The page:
Economically, the implications are little better. The government believes that scrapping BTECs will increase the number of students that take T-levels. Ministers have become so fixated on this output that they have lost sight of the much more important outcome -ensuring all students can access a high quality qualification. As a result, government spending on T-levels has gone through the roof – a recent report from the education select committee found that over £1 billion has been spent since 2017 (an astonishing figure given that just 15,410 students are currently enrolled on a T-level). 

This is particularly reckless given the chronic underinvestment in the education of the 99% of 16 to 18 year olds that are not studying a T-level. According to the IFS, government spending on school sixth form students in 2024-25 will be 22% below 2010-11 levels. 

Rather than boosting the number of students that take T-levels, most schools and colleges believe that scrapping BTECs is more likely to increase the number of students that take A-levels (with mixed results) or that disengage from education altogether. The economic cost of dealing with the increase in the number of young people not in education, employment or training (NEET) will be significant, yet is unlikely to be on Rachel Reeves’ radar.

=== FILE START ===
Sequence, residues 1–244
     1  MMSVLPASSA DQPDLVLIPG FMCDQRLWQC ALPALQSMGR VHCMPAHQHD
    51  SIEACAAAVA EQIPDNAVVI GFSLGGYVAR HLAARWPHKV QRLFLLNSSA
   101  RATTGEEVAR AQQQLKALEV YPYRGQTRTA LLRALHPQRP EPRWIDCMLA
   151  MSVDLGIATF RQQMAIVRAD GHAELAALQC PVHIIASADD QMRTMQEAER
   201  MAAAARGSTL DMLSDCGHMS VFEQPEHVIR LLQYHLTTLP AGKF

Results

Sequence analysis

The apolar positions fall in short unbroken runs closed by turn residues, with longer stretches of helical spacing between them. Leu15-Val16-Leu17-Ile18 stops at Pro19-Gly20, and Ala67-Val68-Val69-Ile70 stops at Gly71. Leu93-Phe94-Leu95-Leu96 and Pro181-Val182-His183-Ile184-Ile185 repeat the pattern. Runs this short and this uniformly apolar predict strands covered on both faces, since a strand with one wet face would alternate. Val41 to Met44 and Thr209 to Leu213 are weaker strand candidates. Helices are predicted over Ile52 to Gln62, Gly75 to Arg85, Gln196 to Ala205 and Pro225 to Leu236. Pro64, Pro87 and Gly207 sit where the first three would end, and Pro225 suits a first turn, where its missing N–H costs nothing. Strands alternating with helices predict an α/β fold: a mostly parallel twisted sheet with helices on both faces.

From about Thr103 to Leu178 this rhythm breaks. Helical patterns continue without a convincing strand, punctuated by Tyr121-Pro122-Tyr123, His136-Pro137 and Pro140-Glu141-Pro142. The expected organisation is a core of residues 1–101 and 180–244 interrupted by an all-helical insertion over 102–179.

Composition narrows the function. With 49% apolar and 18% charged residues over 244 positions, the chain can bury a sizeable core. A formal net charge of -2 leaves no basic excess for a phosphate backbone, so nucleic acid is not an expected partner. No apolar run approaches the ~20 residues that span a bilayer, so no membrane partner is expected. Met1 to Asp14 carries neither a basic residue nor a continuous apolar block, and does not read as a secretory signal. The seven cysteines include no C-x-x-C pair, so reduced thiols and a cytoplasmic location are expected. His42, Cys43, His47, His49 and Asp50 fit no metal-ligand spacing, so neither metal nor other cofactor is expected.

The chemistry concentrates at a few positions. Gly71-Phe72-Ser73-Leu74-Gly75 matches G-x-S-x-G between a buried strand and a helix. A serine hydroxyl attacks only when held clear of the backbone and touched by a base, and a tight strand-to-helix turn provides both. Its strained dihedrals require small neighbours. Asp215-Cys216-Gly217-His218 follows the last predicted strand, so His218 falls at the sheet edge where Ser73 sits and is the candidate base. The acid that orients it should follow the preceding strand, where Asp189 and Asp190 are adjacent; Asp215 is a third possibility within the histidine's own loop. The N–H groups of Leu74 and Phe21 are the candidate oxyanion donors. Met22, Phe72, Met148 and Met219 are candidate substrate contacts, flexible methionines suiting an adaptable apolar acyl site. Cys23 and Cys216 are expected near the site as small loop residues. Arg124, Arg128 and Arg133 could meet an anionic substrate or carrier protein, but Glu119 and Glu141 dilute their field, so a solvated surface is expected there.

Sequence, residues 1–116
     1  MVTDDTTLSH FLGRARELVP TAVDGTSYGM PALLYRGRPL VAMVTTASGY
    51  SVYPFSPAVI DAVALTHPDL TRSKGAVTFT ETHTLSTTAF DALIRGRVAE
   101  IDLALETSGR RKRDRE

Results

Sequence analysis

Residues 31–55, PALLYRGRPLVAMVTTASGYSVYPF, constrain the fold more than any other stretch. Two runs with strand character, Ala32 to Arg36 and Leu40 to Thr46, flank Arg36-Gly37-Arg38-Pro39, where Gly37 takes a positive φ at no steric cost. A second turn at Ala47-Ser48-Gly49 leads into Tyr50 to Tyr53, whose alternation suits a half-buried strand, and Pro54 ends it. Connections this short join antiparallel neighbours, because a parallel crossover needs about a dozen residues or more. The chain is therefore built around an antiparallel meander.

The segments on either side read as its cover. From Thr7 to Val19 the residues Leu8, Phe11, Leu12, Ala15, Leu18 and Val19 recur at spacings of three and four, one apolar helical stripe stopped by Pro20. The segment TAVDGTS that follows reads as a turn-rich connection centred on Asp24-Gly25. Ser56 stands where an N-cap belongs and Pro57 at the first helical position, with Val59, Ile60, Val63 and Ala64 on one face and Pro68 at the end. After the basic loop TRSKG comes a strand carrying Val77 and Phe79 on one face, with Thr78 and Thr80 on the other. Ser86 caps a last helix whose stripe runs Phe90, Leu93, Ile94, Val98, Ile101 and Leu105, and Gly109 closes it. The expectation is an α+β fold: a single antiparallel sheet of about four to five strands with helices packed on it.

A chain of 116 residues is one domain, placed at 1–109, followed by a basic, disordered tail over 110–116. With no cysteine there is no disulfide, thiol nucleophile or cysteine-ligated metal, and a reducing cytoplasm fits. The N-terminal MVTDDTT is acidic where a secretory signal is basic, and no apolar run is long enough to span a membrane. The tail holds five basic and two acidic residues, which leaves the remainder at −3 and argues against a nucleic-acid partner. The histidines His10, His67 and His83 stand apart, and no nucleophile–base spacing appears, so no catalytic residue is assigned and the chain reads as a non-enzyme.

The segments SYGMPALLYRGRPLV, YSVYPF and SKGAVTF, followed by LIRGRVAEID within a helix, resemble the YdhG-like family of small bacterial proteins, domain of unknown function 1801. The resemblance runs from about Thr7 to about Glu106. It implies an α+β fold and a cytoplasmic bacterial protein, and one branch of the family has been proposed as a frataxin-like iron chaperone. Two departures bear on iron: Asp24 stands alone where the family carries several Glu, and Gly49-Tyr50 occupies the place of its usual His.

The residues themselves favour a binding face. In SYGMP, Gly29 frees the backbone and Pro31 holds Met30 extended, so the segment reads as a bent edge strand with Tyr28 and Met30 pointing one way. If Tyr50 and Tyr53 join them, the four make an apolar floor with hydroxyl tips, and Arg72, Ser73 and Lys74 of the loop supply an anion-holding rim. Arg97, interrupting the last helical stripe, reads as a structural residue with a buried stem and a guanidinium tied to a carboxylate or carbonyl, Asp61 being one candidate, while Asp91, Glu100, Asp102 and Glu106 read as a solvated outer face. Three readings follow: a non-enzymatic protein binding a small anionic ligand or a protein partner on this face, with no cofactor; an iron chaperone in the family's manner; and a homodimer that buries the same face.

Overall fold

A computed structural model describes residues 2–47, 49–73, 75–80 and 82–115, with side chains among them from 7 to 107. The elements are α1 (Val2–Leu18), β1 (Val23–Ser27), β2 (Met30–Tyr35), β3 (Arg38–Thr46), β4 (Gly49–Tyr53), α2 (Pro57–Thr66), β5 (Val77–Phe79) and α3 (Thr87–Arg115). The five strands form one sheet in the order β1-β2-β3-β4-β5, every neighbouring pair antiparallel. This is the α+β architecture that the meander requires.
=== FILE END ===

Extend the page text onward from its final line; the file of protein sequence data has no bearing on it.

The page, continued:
Electorally, this issue has the potential to showcase Labour at its best – standing up for the most disadvantaged young people, supporting employers by retaining qualifications they value and acting in a fiscally responsible way. And this is not a niche policy area: the Protect Student Choice campaign estimates that more than 250,000 students are currently enrolled on an applied general qualification, with at least 68% studying a qualification that will be scrapped under the government’s plans. 

The shades of catenaccio in Bridget Phillipson’s very welcome letter can perhaps be explained by the party’s desire not to appear anti-T level. But it is perfectly possible to be both pro-T level and pro-BTEC. T-levels are a welcome addition to the qualifications landscape and a genuine alternative to many of the technical qualifications that are currently available to young people. 

But T-levels are not the mass market replacement for BTECs that the government believes them to be. They are different qualifications that serve a different purpose, and we need both to flourish alongside A-levels if the party is to achieve its ambitions to break down the barriers to opportunity and boost economic growth. By committing to pause and review the plan to scrap BTECs, Labour has created the foundation on which to build the educational, economic and electoral case for change – a perfect goalscoring opportunity and one we hope the party takes.